Corporate governance indices and firms’ market values: Time series evidence from Russia, Black, B. S., Love, I., & Rachinsky, A. (2006). Corporate governance indices and firms’ market values: Time series evidence from Russia. Emerging Markets Review, 7(4), 361-379. There is increasing evidence that broad measures of firm-level corporate governance predict higher share prices. However, almost all prior work relies on cross-sectional data. This work leaves open the possibility that endogeneity or omitted firm-level variables explain the observed correlations. We address the second possibility by offering time-series evidence from Russia for 1999-present, exploiting a number of available governance indices. We find an economically important and statistically strong correlation between governance and market value both in OLS and in fixed effects regressions with firm-index fixed effects. We also find large differences in coefficients and significance levels, including some sign reversals, between OLS and fixed effects specifications. This suggests that cross-sectional results may be unreliable. We also find significant differences in the predictive power of different indices, and in the components of these indices. How one measures governance matters. This prepublication version is substantively the same as the published version, except that this version includes results for subindices and results with firm-index random effects, which were omitted from the published version due to space constraints.

Corporate governance and corruption: A cross‐country analysis,, Wu, X. (2005). Corporate governance and corruption: A cross‐country analysis. Governance, 18(2), 151-170. Because the empirical literature on the causes of corruption has focused primarily on the demand side of corruption, that is, the corrupt officials who receive bribe payments, the role of the private sector as the supply side of corruption has not been examined thoroughly in this literature. In this article, it is argued that corporate governance is among the important factors determining the level of corruption. Using a cross‐country data set, hypotheses  that  explicitly  link  various  measures  of  corporate  governance to the level of corruption are tested. The results show that corporate governance standards can have profound impacts on the effectiveness of the global anticorruption campaign.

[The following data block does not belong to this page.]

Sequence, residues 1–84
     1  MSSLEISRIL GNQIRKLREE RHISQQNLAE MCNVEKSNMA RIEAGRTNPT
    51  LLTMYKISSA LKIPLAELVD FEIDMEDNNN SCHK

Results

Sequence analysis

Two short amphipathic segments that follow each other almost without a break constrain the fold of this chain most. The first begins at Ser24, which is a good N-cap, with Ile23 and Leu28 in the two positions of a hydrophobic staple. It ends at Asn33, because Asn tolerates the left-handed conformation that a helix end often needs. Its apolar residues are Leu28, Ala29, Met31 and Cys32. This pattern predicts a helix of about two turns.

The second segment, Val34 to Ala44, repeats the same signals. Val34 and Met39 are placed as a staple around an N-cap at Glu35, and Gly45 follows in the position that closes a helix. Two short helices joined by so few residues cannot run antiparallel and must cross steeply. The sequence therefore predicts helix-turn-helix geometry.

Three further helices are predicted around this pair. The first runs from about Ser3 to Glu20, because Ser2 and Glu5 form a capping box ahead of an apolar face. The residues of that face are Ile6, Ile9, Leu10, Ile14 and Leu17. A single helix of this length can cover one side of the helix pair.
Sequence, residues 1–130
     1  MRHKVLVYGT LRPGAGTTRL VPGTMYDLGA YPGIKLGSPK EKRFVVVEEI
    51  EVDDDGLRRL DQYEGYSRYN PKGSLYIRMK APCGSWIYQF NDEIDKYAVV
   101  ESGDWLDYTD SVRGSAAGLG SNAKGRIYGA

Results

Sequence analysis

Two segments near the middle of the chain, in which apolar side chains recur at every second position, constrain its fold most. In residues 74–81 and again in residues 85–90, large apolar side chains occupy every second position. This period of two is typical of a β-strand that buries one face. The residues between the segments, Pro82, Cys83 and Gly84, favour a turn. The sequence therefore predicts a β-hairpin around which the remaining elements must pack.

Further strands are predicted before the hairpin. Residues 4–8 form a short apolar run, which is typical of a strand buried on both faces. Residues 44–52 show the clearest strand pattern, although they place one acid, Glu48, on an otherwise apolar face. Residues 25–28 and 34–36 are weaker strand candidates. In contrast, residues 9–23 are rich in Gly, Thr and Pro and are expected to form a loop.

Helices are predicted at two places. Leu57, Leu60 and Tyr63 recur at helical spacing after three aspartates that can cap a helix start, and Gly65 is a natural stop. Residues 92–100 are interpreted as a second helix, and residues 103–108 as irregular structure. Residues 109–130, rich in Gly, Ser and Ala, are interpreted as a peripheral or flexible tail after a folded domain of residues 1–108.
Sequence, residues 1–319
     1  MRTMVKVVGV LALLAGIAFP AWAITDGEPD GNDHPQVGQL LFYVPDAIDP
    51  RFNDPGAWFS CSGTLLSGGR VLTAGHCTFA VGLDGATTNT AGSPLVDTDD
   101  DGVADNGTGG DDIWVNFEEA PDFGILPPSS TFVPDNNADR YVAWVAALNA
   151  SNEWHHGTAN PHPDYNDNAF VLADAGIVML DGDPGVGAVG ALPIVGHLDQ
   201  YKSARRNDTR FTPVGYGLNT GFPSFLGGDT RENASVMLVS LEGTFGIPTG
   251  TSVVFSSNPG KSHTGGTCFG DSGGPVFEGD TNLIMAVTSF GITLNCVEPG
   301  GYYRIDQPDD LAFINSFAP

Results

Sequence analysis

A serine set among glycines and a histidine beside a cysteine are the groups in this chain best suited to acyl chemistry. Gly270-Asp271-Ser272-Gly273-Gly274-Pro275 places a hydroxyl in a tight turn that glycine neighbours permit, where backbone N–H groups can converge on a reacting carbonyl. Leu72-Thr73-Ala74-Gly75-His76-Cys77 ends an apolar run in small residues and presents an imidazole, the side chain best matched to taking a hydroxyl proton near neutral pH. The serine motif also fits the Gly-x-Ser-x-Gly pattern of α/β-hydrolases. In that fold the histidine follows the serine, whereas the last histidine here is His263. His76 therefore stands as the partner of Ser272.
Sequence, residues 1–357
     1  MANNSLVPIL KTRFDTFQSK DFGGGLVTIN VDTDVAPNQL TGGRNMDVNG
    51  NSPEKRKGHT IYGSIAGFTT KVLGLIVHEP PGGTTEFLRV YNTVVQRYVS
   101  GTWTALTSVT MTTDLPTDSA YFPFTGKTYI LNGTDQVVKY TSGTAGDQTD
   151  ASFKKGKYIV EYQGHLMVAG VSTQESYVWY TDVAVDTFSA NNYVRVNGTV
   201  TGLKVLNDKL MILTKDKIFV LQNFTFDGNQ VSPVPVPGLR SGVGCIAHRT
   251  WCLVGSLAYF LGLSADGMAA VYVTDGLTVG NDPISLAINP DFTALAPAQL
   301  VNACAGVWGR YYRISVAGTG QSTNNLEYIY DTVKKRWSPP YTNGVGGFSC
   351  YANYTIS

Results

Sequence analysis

Do institutional shareholder services (ISS) corporate governance ratings reflect a company’s operating performance?, Epps, R. W., & Cereola, S. J. (2008). Do institutional shareholder services (ISS) corporate governance ratings reflect a company’s operating performance?. Critical Perspectives on Accounting, 19(8), 1135-1148. Little is known about the relation between the actual governance rating received by a firm and the firm’s performance. In this study, we examine the relation between the actual corporate governance rating received by a firm and the firm’s performance during the years 2002–2004. We use the institutional shareholder services (ISS) corporate governance quotient (CGQ) rating of a firm’s corporate governance structure and analyze this rating in relation to the firm’s operating performance. We compare the institutional shareholder services’ CGQ rating to two measures of the firm’s operating performance, return on assets (ROA) and return on equity (ROE). Based upon our results, we do not find statistical evidence suggesting that the firms’ operating performance is related to the firms’ ISS corporate governance rating.

 

Corporate governance, principal‐principal agency conflicts, and firm value in European listed companies, Renders, A., & Gaeremynck, A. (2012). Corporate governance, principal‐principal agency conflicts, and firm value in European listed companies. Corporate Governance: an international review, 20(2), 125-143.

 

Towards an impartial and effective corporate governance rating system, Donker, H., & Zahir, S. (2008). Towards an impartial and effective corporate governance rating system. Corporate Governance: The international journal of business in society, 8(1), 83-93.

Rating the ratings: How good are commercial governance ratings?, Daines, R. M., Gow, I. D., & Larcker, D. F. (2010). Rating the ratings: How good are commercial governance ratings?. Journal of Financial Economics, 98(3), 439-461. Proxy advisory and corporate governance rating firms (such as RiskMetrics/Institutional Shareholder Services, GovernanceMetrics International, and The Corporate Library) play an increasingly important role in U.S. public markets. They rank the quality of firm corporate governance, advise shareholders how to vote, and sometimes press for governance changes. We examine whether commercially available corporate governance rankings provide useful information for shareholders. Our results suggest that they do not. Commercial ratings do not predict governance-related outcomes with the precision or strength necessary to support the bold claims made by most of these firms. Moreover, we find little or no relation between the governance ratings provided by RiskMetrics with either their voting recommendations or the actual votes by shareholders on proxy proposals.